Ink-Stained Opportunity by Andrew Bary
Highlighted companies: The New York Times Co. (NYT), Dow Jones & Company Inc. (DJ), Gannett Co. Inc. (GCI), McClatchy Co. (MNI)
Summary: Last week Morgan Stanley Investment Management (a 7.6% owner) challenged the New York Times Co. over its dual-share-class ownership, which enables the Ochs-Sulzberger family to control the board with its Class B stock despite its paltry 1% economic interest (the family all told owns 20%). The Times counters that the dual-class structure was in place when the Times IPOed in 1969, and has never been a secret to investors. Barron's surmises that the challenge, at least, will force Times management to improve its presently weak performance: (1) At $24/share, its stock is half its 2002 peak, and at par with 1987 prices. (2) Weak advertising revenue has profits falling (Q3 2006 $0.16/share vs. $0.21 in 2005). (3) Its 1993 $1 billion Boston Globe purchase failed to pan out; Globe ad revenues have plummeted and it's become a buyout candidate (rumors are GE CEO Jack Welch for $600m). (4) $3b share buybacks over the past decade at an average price of $37. (5) Its management is seen by investors as aloof; just 1 out of 15 Street analysts give it a Buy. But the Street may be wrong: (1) Barron's analysis suggests a net-worth of $35/share. (2) There have been rumors of a family buyout (a takeover is unlikely due to the Class B shares). (3) Its margins are estimated at 10-15%, half of other prominent media outlets. There is room to improve, even while maintaining its hailed gold-standard reputation. (4) Moving to a fancy Manhattan tower has put it in control of $850m of hot real-estate. (5) Once criticized for overpaying ($410m) for About.com, the website is now considered to be worth considerably more. Barron's conclusion: "Among newspaper publishers, few have better properties and more opportunity to boost margins. A takeover, albeit unlikely, would be the icing on the cake."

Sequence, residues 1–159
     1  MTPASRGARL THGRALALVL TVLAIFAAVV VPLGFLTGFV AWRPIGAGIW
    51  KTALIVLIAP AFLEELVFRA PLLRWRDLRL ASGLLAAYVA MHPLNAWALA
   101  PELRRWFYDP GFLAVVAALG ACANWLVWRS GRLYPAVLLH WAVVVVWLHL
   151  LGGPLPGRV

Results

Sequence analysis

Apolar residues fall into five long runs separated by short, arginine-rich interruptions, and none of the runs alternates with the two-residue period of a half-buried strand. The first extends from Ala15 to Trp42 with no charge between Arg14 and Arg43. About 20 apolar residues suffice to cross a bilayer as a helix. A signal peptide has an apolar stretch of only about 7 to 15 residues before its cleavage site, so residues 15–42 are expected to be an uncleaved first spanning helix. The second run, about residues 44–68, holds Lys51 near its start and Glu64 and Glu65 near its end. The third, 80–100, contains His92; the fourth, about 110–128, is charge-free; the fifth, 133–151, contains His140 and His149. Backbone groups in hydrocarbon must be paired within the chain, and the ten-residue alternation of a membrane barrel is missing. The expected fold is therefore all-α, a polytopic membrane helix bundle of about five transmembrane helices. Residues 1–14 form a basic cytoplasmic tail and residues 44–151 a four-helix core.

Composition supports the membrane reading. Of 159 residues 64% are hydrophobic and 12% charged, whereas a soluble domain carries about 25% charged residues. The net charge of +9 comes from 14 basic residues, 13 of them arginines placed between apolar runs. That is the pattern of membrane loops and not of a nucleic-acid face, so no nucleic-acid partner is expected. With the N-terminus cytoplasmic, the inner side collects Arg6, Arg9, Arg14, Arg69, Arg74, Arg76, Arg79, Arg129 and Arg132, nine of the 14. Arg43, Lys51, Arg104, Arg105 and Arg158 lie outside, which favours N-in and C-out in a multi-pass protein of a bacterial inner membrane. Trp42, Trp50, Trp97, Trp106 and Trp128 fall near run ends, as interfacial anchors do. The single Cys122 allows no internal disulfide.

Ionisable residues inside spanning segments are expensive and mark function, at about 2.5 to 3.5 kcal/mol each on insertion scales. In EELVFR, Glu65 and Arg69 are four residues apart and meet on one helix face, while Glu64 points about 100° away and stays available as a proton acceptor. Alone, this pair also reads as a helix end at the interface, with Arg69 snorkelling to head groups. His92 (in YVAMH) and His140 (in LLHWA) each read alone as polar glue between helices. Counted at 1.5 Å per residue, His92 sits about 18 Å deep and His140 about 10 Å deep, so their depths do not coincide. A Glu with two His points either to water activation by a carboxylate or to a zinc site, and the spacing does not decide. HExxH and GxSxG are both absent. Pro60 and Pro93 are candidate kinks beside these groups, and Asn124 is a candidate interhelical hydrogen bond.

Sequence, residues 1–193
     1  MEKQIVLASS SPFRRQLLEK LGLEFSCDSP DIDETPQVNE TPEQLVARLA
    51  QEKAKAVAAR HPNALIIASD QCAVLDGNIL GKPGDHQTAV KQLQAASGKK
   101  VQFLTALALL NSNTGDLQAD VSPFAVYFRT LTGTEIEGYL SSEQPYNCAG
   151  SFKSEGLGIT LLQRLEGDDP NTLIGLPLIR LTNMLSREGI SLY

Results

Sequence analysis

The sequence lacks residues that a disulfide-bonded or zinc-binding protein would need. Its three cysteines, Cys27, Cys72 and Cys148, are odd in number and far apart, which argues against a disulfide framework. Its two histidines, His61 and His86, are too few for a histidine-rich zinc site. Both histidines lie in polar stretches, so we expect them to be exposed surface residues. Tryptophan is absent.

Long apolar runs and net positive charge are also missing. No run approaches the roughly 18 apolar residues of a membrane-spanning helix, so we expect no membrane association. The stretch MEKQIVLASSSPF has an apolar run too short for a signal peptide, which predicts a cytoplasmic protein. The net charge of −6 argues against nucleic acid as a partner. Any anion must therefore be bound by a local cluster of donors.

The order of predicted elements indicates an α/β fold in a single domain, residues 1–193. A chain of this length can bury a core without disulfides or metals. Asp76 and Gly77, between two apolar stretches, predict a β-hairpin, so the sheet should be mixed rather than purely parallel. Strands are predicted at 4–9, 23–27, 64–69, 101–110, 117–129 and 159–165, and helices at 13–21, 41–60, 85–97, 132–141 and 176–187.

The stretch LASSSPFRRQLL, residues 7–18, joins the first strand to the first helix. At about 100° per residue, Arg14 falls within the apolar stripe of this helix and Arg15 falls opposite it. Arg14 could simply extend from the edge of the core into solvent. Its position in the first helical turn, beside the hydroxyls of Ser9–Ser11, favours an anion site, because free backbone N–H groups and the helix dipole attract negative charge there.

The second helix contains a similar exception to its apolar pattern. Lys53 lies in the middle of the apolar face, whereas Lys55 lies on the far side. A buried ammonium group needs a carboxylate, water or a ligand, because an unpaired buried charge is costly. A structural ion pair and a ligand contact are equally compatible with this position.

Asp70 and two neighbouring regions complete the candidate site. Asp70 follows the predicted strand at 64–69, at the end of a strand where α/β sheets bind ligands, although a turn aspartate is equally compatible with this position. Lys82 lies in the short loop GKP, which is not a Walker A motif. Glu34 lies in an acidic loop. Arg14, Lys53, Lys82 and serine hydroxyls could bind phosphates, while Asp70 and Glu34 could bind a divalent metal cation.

Quick comment: Commentary: Scary Times for Newspapers: Sharpest Circulation Drop in 15 Years • Two weeks ago, Barron's Bill Alpert quoted Seligman's Paul Wick as being bearish on NYT • Declining Print Ad Revenues Take Toll on Newspaper Earnings • New York Times Weighed Down by Boston • New York Times Buyout Rumors Spark Heavy Wall Street Activity • Why Google Didn't Buy the New York Times • Real Value Remains In New York Times, But Is the Will There? • Cramer's Take on NYT. Earnings conference call transcript: Q3 2006